The Singapore Exchange (SGX) has plans to make further executive-level hires, but stresses that future growth will be organic.
“We might add someone in commodities and may launch some FX products later this year and will need to build our strengths there,” said Muthukrishnan ‘Ramu’ Ramaswami, president of SGX.
“We’re opportunistic hirers so there are no constraints in what type of person we can hire. We can look to bring experienced people in from the industry – we’re not in any rush and it will be a steady build up.”
In June, SGX appointed Nico Torchetti as post-trade services head as it expanded its post-trade business, including building SGX’s Central Depositary. The exchange is now conducting a similar technological push on the post-trade environment for securities that it has done for derivatives.
In April, Jenny Chiam joined SGX from Nomura as head of securities in order to drive the exchange’s equities business. She replaced Nels Friets, who will soon retire.
The exchange president admits that SGX does not have the scale that some of the western exchanges have. He feels that the challenge is to grow by building scale and being competitively globally.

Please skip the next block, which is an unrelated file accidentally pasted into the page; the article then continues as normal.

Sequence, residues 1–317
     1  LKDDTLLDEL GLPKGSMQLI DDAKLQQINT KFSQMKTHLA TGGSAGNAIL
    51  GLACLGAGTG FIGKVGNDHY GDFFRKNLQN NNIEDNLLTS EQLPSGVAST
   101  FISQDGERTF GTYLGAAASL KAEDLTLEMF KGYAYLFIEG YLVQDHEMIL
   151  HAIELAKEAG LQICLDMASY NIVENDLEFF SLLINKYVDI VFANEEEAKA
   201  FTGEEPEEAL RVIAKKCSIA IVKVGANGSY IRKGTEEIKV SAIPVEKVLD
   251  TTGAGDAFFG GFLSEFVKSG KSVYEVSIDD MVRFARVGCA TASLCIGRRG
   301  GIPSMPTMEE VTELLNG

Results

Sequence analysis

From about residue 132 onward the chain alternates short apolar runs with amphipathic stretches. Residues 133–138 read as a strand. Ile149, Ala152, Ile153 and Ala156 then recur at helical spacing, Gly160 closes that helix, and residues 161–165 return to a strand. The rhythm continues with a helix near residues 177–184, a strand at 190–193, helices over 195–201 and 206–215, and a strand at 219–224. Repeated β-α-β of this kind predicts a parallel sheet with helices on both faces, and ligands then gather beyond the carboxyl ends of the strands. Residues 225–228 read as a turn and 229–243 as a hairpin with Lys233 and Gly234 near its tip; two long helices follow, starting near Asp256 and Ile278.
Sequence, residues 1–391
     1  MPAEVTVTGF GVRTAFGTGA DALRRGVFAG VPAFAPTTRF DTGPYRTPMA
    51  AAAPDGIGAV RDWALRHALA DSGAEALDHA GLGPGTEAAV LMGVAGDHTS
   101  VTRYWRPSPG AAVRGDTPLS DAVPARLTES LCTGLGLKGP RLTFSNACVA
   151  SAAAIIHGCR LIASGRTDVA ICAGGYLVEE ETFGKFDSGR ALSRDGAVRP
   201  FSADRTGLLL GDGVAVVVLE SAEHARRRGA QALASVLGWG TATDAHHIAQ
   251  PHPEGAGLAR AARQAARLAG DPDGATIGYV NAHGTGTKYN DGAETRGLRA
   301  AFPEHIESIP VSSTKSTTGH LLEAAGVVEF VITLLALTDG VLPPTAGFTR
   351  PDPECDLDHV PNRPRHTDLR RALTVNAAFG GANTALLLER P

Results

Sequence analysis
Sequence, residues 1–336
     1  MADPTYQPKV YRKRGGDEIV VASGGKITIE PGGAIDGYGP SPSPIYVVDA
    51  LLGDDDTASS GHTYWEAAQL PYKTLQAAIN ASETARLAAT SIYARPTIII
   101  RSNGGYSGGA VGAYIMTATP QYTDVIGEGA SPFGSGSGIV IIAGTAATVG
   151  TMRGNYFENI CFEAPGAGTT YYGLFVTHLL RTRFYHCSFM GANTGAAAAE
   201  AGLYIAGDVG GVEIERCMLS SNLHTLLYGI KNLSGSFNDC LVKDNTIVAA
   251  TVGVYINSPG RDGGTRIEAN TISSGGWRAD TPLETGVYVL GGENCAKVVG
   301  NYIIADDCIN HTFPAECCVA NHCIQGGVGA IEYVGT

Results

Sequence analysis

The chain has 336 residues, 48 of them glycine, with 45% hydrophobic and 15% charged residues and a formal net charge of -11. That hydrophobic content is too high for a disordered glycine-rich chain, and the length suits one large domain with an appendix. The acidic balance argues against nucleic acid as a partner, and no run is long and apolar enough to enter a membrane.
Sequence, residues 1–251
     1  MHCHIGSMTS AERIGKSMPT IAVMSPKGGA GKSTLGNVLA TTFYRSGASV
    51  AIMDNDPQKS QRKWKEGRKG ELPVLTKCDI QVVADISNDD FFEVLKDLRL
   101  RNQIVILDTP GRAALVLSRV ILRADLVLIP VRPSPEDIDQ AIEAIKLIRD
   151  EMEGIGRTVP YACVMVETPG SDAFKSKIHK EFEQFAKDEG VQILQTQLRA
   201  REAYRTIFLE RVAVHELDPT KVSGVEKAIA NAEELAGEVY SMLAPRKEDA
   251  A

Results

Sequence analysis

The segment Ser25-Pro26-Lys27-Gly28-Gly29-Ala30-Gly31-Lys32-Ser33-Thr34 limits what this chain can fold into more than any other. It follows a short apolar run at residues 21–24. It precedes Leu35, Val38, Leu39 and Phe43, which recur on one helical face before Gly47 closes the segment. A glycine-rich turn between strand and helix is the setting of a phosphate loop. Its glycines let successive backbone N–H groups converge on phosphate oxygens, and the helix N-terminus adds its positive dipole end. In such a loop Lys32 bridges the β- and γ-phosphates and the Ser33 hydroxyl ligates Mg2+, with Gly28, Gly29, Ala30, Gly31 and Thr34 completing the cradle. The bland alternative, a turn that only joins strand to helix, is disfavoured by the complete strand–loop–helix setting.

“If it was just a matter of building resources we could buy a western exchange,” said Ramaswami. “That’s not our game in the sense that we’re not just looking for scale for its own sake, but we want to be the best provider within Asia. We have to grow scale by accelerating market development, not just increasing our own size.”
Such an organic approach to growth was not the philosophy of Hong Kong Exchange and Clearing, which ventured to Europe and bought the London Metals Exchange.
“Hong Kong has gone the inorganic way of building size,” he said. “It will be interesting to see how that works in the next two to three years. However, insofar as the London Metals Exchange is concerned, I’m not ashamed to say we couldn’t have afforded the price they paid.”
SGX is positioning itself as a gateway to Asia, incorporating ASEAN countries and India, whereas it sees Hong Kong’s edge the links to China.
SGX has been spending S$30 million to S$40 million per year to pay for its technological development for the last five years and plans to maintain that figure going forward. The exchange is now at a steady state of cashflow on what they spend on technology, with new investment matching depreciation.
Five years ago, SGX built a new derivatives infrastructure and trading engine and Ramaswami says that is why their derivatives business has grown at the rate that it has grown.
SGX reported this week its total futures and options volume increased 52% year-on-year to 8.8 million contracts. In that period SGX’s China A50 Index Futures volume more than doubled to 1.7 million contracts.